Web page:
ATHENS, Ohio (Christian Examiner) – A group of pro-life students challenging the connection between Planned Parenthood and the Democrat Party was told by an Ohio University staffer their organization cannot distribute literature to other students on the campus commons area, but instead must remain behind their table or risk trouble with the authorities for "solicitation."
According to a statement from Students for Life (SFL), its members – all students at the university – were on campus distributing postcards related to its Cycle of Corruption campaign when they were told their actions violated university policies. Members of the pro-life group said they believed they had a right to distribute literature and would be contacting their attorney.
In the campaign put forth by the SFL, the group chronicles how federal funding for Planned Parenthood increased by nearly 65 percent to nearly $554 million annually since President Barack Obama was elected in 2008. Planned Parenthood is the nation's largest and most vociferous abortion mill.
Of the money given to the abortion provider by taxpayers, the student group claims, it has returned nearly $3 million in cash and another $11 million in "in-kind donations" to politicians – 98.7 percent of which were Democrats. As a result, the Democratic National Committee, formerly chaired by Congresswoman Debbie Wasserman Schultz, built into the DNC platform some of the most extreme abortion positions ever seen (including free abortion services).
Planned Parenthood also announced it will offer voter registration services to the women who utilize their clinical services.
This is the second time the SFL protestors have been confronted in a week. Last week, masked protestors attempted to demolish the signs posted by the group. One or more of the assailants carried a club of some sort.
Whether or not the pro-life students can place anti-abortion and even anti-Democrat literature in the hands of other students is a matter that may already be settled. Earlier this year, a Christian student organization at North Carolina State University sued the school for violating its members' right to speak openly about their faith anywhere on campus.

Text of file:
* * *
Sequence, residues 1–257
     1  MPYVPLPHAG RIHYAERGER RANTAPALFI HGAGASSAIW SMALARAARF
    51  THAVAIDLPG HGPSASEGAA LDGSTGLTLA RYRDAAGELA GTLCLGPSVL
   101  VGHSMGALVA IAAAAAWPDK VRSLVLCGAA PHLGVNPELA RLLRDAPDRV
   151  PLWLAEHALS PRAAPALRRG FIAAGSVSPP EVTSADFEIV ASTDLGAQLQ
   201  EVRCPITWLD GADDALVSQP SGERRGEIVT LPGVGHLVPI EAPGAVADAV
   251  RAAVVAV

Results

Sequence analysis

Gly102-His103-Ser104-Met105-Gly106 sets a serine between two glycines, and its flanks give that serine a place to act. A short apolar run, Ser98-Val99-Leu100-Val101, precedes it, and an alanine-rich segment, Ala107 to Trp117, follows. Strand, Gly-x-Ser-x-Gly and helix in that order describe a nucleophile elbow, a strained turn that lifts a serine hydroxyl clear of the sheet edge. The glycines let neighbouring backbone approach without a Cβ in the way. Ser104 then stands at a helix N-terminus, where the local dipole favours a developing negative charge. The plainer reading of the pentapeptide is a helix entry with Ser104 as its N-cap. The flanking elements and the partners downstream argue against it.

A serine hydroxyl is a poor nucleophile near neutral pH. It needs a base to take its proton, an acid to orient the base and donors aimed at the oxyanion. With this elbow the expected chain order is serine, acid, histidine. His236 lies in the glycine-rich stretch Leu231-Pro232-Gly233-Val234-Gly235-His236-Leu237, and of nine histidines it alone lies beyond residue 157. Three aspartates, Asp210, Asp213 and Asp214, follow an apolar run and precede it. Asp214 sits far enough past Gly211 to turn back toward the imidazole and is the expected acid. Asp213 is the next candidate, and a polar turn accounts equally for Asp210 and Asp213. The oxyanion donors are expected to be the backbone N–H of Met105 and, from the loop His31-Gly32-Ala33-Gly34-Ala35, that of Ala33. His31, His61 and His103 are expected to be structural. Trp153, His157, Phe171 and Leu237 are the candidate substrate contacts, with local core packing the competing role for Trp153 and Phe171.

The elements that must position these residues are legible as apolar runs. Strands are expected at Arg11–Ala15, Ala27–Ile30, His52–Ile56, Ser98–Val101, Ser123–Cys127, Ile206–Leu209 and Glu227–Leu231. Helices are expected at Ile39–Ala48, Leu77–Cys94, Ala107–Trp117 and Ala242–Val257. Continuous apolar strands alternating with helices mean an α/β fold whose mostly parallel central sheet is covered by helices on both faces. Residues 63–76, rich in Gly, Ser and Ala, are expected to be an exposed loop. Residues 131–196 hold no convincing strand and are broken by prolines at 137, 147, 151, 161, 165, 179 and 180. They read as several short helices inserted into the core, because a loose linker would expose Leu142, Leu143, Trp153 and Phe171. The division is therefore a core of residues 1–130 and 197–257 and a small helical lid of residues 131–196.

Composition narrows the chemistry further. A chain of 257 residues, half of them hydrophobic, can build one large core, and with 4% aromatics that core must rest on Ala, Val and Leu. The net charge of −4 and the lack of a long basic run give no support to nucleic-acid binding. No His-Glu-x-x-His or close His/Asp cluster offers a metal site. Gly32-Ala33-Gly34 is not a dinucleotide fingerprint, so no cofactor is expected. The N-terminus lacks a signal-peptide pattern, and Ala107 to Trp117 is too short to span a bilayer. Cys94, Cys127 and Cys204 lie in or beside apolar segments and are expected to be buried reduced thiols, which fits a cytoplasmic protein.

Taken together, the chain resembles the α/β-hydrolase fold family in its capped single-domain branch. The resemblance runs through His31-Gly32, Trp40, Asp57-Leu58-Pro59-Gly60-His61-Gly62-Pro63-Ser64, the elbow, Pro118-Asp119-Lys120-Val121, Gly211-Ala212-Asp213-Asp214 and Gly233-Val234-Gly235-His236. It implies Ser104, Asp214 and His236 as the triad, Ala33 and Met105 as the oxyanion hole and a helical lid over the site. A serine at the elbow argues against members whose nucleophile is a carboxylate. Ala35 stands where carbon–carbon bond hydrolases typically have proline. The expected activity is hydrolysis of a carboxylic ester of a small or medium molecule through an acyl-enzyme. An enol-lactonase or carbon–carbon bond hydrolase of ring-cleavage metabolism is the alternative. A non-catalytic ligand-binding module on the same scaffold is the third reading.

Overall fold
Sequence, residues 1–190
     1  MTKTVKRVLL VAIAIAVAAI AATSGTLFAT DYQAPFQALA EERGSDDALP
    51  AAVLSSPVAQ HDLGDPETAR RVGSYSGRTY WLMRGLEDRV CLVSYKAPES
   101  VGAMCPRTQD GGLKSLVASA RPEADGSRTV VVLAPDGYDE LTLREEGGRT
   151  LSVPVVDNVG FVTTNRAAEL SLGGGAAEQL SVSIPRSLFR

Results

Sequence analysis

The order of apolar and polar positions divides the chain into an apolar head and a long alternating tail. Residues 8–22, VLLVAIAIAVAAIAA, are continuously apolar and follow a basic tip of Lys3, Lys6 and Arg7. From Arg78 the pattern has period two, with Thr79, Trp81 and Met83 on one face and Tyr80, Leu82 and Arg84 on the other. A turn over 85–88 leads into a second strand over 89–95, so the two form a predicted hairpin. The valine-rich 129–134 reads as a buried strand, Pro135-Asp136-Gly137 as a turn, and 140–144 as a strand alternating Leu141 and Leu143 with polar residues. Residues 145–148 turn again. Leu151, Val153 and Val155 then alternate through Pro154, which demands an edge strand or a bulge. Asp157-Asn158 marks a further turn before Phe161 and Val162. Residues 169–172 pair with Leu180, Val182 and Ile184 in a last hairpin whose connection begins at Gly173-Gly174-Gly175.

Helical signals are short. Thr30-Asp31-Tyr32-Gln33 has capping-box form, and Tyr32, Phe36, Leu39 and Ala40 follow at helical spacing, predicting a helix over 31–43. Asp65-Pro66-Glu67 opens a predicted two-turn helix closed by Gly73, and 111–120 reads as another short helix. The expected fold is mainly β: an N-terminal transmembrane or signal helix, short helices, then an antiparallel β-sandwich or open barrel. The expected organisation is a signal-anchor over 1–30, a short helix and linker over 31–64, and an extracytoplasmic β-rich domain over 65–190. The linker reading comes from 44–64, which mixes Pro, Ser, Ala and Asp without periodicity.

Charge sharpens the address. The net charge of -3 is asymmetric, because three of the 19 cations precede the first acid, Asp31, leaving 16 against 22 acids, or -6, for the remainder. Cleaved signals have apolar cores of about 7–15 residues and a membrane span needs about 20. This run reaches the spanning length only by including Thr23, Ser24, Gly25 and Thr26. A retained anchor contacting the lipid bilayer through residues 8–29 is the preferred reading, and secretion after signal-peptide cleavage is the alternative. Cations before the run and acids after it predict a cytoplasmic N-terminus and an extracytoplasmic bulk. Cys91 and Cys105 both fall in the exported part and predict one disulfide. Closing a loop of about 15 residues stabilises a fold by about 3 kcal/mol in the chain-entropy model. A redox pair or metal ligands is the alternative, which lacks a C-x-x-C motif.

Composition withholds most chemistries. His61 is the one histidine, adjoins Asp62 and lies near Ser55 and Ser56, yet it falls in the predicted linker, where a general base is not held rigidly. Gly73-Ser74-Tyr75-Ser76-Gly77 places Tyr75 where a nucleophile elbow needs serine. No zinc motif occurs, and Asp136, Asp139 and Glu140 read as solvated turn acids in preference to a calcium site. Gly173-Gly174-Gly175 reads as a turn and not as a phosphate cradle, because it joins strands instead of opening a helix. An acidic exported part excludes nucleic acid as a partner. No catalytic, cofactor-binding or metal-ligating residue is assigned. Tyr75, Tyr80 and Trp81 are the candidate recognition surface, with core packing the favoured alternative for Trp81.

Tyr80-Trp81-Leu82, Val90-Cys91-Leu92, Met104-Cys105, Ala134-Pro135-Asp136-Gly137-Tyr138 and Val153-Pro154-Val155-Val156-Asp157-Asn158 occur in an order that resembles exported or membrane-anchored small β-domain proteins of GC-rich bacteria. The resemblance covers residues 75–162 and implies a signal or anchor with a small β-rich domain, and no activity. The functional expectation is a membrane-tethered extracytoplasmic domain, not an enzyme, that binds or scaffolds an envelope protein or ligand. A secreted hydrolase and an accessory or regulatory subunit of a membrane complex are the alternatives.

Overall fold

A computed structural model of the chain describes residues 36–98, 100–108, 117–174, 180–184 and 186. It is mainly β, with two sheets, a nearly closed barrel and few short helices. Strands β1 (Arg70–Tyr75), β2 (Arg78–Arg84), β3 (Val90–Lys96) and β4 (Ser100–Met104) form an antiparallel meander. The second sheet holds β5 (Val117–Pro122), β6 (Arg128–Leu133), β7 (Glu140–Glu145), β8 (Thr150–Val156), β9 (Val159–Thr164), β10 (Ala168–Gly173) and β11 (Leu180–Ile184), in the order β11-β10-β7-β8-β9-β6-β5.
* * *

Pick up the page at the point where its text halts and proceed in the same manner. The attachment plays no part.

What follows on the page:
In a lawsuit filed in U.S. District Court for the Eastern District of North Carolina April 26, the members of Grace Christian Life claimed that it is a registered student organization on the campus, but that it is forced to seek approval from university administrators before it can have open and frank discussions about religion with other students. It also said its members could only speak from confined areas (such as behind a table).
A federal judge ruled in July that NC State had erred and students, in fact, do not need a permit before expressing themselves either verbally or in writing.
At Ohio University, SFL organizers ignored orders to cease the distribution of postcards in spite of the fact they were warned three times.
Jacob Hoback, president of the Ohio University's SFL chapter, said his group would not be silenced as long as the unborn are silenced.
During the videotaped encounter between SFL protestors and the school official, the official said it was acceptable for SFL members to stand behind the table and smile. Interacting with students outside of the confined area, however, could be perceived as a violation of the school's policy.
"[Soliciting is] going out to someone without them kind of coming to your table," the staff member told the group. He also said if SFL protestors did not leave, they would have to answer to campus police. Both sides then agreed to disengage.
OU's communications director, Carly Glick, said the SFL group had been treated like every other student group that wanted to host a space in the same area. She also said the rules were clear and students "understood the limitations associated with this reserved space." No group, she said, may distribute literature in the location where the SFL group was because of the small ingress and egress space there.
However, it is unclear why SFL members were told to move behind their table when other groups were allowed to mingle with passing students.